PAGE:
Friday, January 2, 2009

Zionists force Palestinians to fight for a hole in the ground, to bury their dead children

Click on photo to enlarge it.

These five sisters were killed when Israel bombed the mosque next door, on December 28, 2008. (Israel has bombed 5 mosques in the last week.)

With space running out in the cemetery, the five girls had to be buried in just three graves, one for the eldest and the others forced to share.

(See full article and photo in "The Independent", at-- )


"Besieged Palestinians battle to find burial spaces"

Salim Abu Sadaq and six of his relatives scrabbled around in the soil of Gaza City's Sheikh Radwan cemetery for two hours yesterday, searching for a space in which to lay his cousin to rest. In the end, he opened his grandfather's grave and moved the older man's remains aside to make space for the body of his grandson.

After "The Beginning", the first chapter in the Qur'an, was read aloud to mark the end of a life, Abu Sadaq expressed misgivings about the shared grave. "I feel very bad about it. It hasn't happened before, but there's no space."

At the entrance to the cemetery hangs a makeshift sign, written on fabric and strung up by the ministry of religious affairs. "It is forbidden to bury here," it says, directing mourners to the newer cemetery on Gaza's eastern outskirts near Jabalia, where there is still some open ground.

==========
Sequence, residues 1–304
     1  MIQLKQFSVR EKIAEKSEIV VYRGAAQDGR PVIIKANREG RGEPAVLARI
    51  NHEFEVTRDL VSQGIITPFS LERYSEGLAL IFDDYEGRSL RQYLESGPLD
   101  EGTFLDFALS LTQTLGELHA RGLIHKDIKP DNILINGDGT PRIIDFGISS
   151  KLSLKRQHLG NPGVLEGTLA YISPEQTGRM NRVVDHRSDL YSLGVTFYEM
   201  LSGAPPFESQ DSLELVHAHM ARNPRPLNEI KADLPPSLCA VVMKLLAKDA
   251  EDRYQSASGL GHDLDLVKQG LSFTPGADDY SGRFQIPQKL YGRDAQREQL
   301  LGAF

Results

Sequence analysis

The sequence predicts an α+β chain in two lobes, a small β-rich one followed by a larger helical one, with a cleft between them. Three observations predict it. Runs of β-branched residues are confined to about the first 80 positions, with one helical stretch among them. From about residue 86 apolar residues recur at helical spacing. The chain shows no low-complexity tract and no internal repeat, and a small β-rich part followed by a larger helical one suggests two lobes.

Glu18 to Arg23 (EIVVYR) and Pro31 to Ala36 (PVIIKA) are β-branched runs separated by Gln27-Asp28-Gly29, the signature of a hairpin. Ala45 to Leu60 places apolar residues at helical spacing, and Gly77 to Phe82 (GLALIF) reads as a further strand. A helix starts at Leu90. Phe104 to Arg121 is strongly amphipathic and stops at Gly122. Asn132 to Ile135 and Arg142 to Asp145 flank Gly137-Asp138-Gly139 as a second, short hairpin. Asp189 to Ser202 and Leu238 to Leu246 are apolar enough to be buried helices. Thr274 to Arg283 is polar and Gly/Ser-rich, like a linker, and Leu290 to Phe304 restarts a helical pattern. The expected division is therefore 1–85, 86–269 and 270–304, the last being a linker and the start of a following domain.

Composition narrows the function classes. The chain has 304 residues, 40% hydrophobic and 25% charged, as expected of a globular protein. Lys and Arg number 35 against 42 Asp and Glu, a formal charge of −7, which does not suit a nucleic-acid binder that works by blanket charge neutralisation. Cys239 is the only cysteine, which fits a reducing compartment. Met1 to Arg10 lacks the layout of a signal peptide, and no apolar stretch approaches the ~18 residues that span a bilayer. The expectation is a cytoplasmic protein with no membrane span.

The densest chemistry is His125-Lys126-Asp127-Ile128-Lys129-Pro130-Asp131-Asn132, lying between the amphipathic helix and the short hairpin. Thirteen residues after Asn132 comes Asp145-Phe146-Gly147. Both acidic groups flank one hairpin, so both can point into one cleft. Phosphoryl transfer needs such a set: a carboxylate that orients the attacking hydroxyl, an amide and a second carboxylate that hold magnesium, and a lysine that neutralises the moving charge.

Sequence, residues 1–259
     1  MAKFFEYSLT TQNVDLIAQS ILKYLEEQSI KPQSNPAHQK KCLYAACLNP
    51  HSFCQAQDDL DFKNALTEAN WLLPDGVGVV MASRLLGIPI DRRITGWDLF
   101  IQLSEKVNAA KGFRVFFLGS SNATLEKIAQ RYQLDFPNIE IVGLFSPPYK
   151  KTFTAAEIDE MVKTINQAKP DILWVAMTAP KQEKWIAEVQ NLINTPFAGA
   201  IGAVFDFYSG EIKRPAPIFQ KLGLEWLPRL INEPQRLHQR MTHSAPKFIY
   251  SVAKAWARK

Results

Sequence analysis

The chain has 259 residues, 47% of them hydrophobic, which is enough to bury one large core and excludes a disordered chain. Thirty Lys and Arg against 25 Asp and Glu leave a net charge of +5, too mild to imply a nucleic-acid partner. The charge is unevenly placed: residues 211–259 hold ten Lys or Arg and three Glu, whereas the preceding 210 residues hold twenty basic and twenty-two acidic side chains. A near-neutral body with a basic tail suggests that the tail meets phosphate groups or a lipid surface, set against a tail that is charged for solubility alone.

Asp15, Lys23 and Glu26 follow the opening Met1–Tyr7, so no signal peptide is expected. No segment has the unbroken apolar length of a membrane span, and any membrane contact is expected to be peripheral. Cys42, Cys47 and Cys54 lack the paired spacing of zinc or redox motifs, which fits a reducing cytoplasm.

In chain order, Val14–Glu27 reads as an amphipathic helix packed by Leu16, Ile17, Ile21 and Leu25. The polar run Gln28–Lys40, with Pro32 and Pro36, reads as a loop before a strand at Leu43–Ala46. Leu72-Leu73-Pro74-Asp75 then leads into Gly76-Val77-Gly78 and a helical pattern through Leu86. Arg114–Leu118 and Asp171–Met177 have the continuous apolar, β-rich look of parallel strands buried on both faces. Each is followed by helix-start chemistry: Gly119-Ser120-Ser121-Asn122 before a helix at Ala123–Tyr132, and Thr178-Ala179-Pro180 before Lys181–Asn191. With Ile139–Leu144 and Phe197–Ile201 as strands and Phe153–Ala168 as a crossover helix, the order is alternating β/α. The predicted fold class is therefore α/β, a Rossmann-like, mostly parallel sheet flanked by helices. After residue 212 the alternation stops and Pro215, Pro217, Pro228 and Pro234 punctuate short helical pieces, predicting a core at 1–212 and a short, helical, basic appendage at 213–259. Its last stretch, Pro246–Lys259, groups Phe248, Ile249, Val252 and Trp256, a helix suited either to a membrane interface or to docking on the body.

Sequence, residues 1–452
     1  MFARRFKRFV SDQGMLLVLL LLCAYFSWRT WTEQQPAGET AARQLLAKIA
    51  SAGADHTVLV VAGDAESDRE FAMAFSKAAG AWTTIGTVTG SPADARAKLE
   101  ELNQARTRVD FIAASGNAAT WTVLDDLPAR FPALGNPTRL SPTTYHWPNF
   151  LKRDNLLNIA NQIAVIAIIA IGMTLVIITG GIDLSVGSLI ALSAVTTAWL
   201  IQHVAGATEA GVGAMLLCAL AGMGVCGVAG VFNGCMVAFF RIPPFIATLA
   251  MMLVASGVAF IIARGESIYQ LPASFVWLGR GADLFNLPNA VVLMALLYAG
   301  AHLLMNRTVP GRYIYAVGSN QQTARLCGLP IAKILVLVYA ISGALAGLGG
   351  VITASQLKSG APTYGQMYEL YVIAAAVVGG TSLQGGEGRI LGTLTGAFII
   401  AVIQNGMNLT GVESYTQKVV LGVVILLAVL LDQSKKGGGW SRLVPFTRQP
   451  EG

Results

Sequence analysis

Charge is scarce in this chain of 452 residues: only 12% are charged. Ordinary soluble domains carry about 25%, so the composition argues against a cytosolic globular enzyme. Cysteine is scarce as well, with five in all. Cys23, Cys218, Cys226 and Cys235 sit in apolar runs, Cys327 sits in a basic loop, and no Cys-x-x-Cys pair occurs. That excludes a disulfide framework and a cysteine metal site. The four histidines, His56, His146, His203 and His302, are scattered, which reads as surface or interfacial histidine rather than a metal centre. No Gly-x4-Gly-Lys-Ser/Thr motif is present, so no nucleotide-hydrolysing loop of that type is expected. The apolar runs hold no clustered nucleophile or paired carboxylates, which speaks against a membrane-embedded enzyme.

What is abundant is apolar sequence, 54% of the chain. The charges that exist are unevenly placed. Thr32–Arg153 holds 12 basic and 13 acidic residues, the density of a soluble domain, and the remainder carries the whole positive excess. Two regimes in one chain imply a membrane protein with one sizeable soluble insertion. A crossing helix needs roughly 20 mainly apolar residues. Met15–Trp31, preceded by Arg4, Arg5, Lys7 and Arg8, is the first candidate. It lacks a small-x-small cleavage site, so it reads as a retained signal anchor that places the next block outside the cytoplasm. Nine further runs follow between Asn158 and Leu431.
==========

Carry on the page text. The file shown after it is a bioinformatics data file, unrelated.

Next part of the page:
The Sheikh Radwan cemetery has been closed for years, as have the other two in Gaza's densely populated city.

But Abu Sadaq's family had no choice.

The Israelis' intensive bombing of Gaza's eastern perimeter has turned the newer cemetery into a lethal ground and as a result families are forced to reuse old graves in the closed one, despite Islamic law normally forbidding that.

After digging for hours, Abu Sadaq rang a sheikh. "He told us that we could dig up an old family grave and move the remains to one side. We have to bury the body as soon as we can," he said.

Burial space is not the only shortage. Israel's 18-month blockade of Gaza has created a severe lack of concrete and building blocks, so families have been unable to build proper graves. Last year, before the tunnel economy began to take off, there was also a shortage of white burial cloth, required for Muslim funerals, forcing families to wrap their dead in whatever they could find.

"We are lucky here because we have an old grave," said Abu Sadaq as he buried his cousin, who died from cancer...